Stay cool and carry on? Britons are having the hottest day on record.

The bathing ponds at Hampstead Heath in north London drew residents to the town on Tuesday during Britain's historic heat wave.  (James Forde for the Washington Post)
The bathing ponds at Hampstead Heath in north London drew residents to the town on Tuesday during Britain’s historic heat wave. (James Forde for the Washington Post)

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LONDON — On Britain’s hottest day on record, with temperatures topping 104 degrees Fahrenheit, we found Earthlings huddled next to the refrigerated section of the Marks & Spencer grocery store at Marylebone station.

“I’ve been standing here for about 10 minutes,” said Andy Martin, 28, a video technician. “Do not tell anyone.”

It’s not normal here. That kind of heat. This heat wave.

The Weather Bureau, the national weather service, reported that at least 34 pitches in Britain exceeded the previous high temperature, with a wide swath of south-east and central England exceeding 40 degrees Celsius. It’s a hell of 104 Fahrenheit.

A fire spread to Dagenham, east London, as temperatures soared above 40 degrees Celsius or 104 Fahrenheit on July 19. (Video: Storyful)

Britain is not designed for this. The country’s homes and shops, train stations and subway cars, its schools and offices – very, very few of them are air-conditioned.

Has it ever, in human history, been so hot in the British Isles? Maybe not.

There was a kind of tremor, a feeling of anxiety in the capital on this signal day. It was windy, but this dry sirocco-like wind, running in the Mediterranean, in Sicily and not in Southhampton, with the summer leaves crackling and people stumbling, from one shaded area to another , as paramedics were busy peeling heatstroke victims. off the sidewalks.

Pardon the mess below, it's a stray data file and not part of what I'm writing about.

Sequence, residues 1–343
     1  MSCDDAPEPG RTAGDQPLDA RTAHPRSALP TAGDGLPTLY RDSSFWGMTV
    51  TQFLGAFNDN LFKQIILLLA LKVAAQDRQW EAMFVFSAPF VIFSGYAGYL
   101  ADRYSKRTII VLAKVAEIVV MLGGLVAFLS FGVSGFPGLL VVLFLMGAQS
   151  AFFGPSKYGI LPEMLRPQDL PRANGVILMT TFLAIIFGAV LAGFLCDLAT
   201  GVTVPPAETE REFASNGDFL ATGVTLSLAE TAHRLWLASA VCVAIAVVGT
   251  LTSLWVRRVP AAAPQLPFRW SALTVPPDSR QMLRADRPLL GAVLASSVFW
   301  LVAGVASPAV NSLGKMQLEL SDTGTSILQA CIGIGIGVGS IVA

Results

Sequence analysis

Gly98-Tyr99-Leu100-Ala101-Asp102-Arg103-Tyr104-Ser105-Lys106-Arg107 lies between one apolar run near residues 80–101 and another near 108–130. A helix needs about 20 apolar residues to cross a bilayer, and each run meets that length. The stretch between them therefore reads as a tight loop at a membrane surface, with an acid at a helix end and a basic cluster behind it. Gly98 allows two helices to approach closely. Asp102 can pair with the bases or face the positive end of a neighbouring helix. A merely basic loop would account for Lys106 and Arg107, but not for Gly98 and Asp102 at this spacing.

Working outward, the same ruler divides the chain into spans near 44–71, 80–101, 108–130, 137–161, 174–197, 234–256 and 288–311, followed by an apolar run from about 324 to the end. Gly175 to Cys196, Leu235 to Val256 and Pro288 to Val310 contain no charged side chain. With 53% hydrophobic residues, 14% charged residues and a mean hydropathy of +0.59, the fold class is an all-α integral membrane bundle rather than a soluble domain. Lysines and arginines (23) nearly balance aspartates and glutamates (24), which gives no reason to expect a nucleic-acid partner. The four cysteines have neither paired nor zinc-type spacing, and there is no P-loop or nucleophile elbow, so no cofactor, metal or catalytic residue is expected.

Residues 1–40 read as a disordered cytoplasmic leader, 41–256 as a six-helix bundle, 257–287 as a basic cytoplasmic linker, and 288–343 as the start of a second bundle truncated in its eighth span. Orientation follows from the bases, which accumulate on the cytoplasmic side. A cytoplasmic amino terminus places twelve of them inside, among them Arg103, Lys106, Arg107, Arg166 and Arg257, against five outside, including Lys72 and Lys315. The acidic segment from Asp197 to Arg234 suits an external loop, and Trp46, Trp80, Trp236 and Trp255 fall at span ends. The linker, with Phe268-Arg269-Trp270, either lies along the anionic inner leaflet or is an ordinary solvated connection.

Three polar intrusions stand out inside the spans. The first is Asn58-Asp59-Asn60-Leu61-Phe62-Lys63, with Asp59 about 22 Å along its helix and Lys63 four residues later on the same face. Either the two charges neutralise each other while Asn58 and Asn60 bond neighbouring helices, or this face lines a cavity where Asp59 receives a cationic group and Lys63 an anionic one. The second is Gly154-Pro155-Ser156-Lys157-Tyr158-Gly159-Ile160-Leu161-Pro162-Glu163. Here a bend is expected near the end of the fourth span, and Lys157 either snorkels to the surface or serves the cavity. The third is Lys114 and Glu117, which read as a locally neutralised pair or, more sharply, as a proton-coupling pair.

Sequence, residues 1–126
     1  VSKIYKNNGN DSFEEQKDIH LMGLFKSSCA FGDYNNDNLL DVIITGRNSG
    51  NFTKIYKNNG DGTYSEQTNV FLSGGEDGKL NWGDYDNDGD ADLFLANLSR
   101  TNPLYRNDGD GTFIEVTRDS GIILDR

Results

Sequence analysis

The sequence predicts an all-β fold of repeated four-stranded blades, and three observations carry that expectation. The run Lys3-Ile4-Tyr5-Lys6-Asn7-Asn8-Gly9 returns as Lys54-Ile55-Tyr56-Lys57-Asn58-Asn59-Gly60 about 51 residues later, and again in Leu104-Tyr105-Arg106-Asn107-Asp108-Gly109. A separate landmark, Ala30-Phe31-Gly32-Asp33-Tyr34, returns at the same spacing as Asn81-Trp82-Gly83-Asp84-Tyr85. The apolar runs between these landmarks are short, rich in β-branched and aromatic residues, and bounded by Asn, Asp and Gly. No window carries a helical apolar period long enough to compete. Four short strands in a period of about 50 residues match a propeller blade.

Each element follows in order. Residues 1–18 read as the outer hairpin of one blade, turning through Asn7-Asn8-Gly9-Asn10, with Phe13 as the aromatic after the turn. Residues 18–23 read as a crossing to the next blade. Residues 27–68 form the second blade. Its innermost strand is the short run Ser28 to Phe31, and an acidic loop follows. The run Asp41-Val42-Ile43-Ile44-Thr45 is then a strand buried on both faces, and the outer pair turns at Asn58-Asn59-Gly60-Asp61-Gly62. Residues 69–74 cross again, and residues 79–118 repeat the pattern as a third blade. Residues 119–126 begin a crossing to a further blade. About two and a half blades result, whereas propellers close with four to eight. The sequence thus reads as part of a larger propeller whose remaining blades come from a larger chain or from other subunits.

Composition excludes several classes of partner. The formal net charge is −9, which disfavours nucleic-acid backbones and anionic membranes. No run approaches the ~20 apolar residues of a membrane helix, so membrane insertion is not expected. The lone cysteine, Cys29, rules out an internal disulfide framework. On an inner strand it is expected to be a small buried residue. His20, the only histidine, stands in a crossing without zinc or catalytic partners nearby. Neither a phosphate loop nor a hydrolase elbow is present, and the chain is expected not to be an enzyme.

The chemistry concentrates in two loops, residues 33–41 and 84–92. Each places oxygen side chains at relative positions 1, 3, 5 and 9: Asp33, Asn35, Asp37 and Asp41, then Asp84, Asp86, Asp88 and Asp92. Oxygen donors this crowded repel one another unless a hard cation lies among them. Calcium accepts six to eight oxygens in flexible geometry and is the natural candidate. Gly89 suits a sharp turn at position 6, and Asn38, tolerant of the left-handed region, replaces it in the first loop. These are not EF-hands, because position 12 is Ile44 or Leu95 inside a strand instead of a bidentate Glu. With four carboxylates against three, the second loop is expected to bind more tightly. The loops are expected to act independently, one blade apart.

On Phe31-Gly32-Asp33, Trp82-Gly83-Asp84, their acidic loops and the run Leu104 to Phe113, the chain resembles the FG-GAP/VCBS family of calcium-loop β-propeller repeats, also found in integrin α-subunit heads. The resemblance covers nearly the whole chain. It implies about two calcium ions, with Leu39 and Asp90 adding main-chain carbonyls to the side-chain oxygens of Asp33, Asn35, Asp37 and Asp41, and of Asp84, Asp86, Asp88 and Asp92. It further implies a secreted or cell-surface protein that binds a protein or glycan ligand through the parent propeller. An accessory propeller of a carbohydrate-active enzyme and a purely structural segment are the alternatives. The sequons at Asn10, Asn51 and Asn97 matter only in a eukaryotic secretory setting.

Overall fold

Stepping into some of Britain’s hottest homes on the hottest day was like stepping into a steam room.

As Washington Post reporters entered some of the flats in Chalcots Estate, a public housing estate in north central London, they were greeted by a thick rush of heat.

“Can you feel it? It’s so hot,” said Mandy Ryan, who works as a resident association representative.

She walked into her living room and pointed to a ceiling fan, whose blades were spinning slowly, and accused the device of being useless.

“It’s no use,” she said.

Like many residents of the high tower just north of Regents Park, she has spectacular views over the London skyline.

Visualize the heat wave in Europe with melting popsicles

She also has a fine collection of cuckoo clocks and ceramic ornaments for dogs. But inside her home on Tuesday, the most striking thing was the stuffy air.

Bonnie, her Labradoodle, was panting heavily at her feet.

“We won’t have leg of lamb for dinner tonight,” she joked, nodding at her unused oven.

John Szymanska, a handyman from Poland, plastered and painted a flat in Hampstead, north London.

“It’s misery,” he said, drenched in sweat. “But what can you do?” He asked. “Everywhere it is getting hotter and hotter.

Why This European Heat Wave Is So Scary

Unlike some immigrants, who might mention that they find the English weak in this heat, Szymanska offered her sympathy. “I feel for them. They’re not used to it.

Back at Chalcots Estate, Paul Rafis, 38, a butcher and hip-hop artist, was struggling.